Tuesday, June 30, 2009

DARPA Hires Company to Build a Machine Reader That Scours the Web

DARPA Hires Company to Build a Machine Reader That Scours the Web

DARPA_logo.gifThe intelligence community is inputting data to the Web at an amazing rate. That mountain of data can be overwhelming to mere humans who are trying to read through pages and pages of information to pinpoint exactly what they're after. Mark Rutherford of CNET News reports that the Defense Advanced Research Projects Agency (DARPA) has hired a tech company to develop a reader that will scour the Web and render certain information and knowledge into a form that is more easily digested and usable.

Sponsor

BBN Technologies was recently awarded a $29.7 million contract to develop a universal text engine that will capture intelligence and render it usable to humans as well as artificial intelligence (AI) systems. Officially called the Machine Reading Program, this new system will "automatically monitor the technological and political activities of nation states and transnational organizations - which could mean everything from al-Qaeda to the U.N." for the US military. BBN expects there may also be many useful civilian applications for its new reader. The company has also developed a real-time audio stream called the the BBN Broadcast Monitoring System that automatically transcribes real-time audio streams and translates them into English.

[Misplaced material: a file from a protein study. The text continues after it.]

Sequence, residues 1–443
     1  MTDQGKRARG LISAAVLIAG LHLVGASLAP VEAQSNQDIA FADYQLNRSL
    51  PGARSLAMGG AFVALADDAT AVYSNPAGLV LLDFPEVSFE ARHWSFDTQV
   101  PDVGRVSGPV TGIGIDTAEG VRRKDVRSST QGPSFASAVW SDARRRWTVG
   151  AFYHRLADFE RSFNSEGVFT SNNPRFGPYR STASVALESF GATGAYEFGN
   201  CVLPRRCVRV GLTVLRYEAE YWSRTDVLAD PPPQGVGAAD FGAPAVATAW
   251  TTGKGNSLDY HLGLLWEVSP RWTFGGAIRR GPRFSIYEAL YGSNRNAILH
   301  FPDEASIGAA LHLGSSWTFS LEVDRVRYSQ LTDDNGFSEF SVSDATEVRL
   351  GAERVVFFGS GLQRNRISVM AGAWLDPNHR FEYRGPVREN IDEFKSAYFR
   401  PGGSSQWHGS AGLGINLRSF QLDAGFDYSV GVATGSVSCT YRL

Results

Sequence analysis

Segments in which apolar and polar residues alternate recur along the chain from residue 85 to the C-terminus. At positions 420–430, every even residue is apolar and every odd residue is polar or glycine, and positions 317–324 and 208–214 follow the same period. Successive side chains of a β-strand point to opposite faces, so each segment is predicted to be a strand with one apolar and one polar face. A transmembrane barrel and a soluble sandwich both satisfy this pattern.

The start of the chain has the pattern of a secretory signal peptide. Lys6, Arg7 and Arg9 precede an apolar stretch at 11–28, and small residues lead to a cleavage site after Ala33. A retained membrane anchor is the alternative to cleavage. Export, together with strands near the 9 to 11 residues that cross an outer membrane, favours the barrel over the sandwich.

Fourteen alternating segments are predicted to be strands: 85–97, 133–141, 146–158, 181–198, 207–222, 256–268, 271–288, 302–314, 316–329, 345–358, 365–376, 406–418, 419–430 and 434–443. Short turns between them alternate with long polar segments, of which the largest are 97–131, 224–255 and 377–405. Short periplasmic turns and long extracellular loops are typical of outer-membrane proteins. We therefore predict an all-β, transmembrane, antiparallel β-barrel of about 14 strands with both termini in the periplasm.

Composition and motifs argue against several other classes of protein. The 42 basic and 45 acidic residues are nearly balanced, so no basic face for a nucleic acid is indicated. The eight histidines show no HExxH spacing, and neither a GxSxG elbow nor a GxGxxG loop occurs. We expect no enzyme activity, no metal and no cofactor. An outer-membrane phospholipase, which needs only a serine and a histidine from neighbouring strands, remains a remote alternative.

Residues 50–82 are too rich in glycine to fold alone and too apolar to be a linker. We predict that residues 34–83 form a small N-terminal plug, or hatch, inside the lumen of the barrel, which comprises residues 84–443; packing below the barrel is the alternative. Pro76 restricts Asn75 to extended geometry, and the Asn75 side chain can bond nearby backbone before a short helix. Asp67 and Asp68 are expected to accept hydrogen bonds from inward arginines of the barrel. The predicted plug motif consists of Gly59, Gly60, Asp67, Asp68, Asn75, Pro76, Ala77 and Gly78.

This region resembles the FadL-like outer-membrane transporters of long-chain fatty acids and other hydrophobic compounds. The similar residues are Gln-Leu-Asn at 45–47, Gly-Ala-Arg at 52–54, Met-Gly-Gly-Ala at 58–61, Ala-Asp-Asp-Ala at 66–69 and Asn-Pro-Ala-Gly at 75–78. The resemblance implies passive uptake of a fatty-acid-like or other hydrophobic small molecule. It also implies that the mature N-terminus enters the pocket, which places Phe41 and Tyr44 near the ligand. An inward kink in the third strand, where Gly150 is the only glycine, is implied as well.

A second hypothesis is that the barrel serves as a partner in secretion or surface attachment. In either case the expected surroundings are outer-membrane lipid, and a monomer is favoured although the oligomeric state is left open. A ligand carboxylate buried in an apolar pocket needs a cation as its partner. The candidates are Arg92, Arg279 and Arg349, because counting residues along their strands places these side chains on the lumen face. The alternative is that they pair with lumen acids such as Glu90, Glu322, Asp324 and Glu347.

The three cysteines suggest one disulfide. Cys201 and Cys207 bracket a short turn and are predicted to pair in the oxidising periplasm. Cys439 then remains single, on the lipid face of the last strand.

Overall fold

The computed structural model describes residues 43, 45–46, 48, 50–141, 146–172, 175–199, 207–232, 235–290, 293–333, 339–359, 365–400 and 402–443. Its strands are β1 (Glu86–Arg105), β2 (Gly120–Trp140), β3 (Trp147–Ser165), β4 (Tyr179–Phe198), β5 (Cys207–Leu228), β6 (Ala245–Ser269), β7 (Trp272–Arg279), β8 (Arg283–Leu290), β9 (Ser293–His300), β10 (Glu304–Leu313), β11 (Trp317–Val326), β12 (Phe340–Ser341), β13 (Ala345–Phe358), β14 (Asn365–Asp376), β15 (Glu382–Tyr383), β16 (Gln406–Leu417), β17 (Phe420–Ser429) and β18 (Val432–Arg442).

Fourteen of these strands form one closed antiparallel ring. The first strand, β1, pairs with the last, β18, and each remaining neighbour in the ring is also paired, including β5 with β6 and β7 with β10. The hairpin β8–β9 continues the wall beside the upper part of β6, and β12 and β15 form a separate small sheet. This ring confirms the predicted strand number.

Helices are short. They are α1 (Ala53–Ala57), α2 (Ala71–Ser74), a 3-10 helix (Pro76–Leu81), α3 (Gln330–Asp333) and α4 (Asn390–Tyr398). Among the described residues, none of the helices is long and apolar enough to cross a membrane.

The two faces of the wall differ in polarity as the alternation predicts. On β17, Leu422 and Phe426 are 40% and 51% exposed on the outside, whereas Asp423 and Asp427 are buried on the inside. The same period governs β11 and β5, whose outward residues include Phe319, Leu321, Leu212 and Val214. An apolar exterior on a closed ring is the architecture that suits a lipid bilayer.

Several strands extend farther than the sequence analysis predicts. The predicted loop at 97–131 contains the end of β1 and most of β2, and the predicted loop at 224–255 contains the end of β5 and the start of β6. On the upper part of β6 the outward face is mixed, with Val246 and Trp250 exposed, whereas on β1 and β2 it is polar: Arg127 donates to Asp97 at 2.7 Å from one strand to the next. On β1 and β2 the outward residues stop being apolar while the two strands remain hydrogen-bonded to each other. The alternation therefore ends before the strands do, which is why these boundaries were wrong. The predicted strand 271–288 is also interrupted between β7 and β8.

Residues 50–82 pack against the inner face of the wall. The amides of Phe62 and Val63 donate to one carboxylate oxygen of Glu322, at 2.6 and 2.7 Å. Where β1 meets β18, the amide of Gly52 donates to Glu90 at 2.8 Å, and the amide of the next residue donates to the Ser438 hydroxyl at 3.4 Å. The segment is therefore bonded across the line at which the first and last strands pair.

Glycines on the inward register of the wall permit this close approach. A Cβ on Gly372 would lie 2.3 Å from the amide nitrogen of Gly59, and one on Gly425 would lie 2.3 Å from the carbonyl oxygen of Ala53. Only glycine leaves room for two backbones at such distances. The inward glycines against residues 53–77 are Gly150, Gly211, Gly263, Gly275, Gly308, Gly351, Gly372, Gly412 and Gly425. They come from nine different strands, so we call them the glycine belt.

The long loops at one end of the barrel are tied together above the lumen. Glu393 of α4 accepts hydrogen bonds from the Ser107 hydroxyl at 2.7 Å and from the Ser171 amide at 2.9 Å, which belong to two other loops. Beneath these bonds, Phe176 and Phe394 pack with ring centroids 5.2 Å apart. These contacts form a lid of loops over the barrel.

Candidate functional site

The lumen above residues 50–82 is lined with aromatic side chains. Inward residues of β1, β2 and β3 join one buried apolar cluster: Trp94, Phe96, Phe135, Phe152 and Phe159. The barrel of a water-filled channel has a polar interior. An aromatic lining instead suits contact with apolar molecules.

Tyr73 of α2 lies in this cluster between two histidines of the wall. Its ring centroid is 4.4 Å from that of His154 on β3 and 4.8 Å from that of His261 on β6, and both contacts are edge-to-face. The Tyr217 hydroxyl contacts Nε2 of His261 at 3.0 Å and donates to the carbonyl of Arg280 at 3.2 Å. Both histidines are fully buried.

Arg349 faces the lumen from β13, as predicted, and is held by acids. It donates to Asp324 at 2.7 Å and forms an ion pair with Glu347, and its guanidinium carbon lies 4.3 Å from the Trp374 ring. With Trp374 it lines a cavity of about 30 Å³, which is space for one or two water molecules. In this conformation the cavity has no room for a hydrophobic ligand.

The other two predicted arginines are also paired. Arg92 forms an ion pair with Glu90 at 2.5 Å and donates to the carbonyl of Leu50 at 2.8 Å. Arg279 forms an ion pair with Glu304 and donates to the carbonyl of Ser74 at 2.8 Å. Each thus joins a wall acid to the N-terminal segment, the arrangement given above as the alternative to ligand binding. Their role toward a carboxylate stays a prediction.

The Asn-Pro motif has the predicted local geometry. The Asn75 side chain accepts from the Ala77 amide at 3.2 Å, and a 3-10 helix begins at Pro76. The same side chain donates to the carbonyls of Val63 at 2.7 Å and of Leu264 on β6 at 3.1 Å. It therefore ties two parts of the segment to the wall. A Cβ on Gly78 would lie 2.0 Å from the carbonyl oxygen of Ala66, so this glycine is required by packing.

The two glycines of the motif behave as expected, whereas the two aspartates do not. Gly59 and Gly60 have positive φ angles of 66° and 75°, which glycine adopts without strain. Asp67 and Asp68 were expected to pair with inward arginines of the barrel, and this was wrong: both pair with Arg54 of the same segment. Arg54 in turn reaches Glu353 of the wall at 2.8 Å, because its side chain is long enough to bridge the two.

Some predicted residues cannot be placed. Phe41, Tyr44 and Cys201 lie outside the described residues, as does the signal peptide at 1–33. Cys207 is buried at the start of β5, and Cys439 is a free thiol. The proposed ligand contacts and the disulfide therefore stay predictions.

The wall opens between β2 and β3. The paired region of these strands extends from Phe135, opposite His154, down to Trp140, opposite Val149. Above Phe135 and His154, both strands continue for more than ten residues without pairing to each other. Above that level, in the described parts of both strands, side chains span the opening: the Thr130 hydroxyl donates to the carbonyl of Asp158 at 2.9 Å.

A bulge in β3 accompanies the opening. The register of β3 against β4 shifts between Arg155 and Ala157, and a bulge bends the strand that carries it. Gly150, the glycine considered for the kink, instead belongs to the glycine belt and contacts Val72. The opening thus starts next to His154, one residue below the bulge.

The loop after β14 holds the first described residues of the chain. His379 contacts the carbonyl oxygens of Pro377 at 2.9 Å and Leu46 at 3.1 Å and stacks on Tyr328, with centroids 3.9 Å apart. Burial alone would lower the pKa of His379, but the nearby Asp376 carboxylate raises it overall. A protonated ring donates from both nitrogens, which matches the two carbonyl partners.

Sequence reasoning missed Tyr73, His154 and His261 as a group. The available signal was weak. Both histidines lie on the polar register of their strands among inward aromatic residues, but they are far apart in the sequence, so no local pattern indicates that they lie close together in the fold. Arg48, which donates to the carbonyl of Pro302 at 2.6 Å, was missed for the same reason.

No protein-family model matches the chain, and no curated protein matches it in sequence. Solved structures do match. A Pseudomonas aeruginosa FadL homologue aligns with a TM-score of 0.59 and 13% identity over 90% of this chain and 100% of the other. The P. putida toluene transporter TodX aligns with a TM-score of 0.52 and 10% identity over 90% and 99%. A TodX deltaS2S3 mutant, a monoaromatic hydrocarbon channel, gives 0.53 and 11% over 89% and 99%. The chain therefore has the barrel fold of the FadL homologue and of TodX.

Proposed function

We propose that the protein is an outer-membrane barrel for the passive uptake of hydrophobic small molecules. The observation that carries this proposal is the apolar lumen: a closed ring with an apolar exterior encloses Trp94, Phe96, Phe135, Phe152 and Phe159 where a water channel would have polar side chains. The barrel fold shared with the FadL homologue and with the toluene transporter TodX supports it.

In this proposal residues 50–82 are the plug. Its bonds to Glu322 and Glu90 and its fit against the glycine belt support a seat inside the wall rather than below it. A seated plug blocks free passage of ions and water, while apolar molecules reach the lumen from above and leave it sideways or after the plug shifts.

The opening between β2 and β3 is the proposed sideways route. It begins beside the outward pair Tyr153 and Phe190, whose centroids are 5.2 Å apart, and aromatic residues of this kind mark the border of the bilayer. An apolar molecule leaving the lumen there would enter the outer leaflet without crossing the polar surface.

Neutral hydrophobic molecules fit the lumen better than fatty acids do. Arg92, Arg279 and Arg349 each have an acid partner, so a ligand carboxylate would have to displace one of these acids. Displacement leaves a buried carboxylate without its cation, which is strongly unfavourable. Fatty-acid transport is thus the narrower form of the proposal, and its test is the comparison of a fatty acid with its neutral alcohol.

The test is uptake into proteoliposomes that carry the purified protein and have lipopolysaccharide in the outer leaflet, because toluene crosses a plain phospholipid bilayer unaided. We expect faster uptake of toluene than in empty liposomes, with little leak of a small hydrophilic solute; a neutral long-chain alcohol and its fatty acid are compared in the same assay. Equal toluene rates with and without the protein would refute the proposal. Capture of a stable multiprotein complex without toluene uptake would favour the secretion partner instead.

With this new project, BBN hopes to "develop techniques that can generalize across the linguistic structure and content of diverse documents to extract relations and axioms directly from text rather than relying on a knowledge engineer to encode such information." Here's how it will work:

DARPAreader_chart.jpg

Although it is not immediately clear when (or if) this new machine reader will be available to civilians, we are certainly looking forward to trying something like this out. Some paranoid types will believe this is nothing more than "the man" trying to spy on us, but those people need to realize everything we do online is being watched by someone. If you are really concerned about your online privacy you should secure important data on your computer, call your government leaders and try to change privacy laws, or stay off the Web altogether.

Researchers, medical professionals, consumers, students and others are all likely to benefit from such an application. Not having to spend unnecessary time searching through mountains of information on the Web for something relevant makes life easier and allows us to be more productive.

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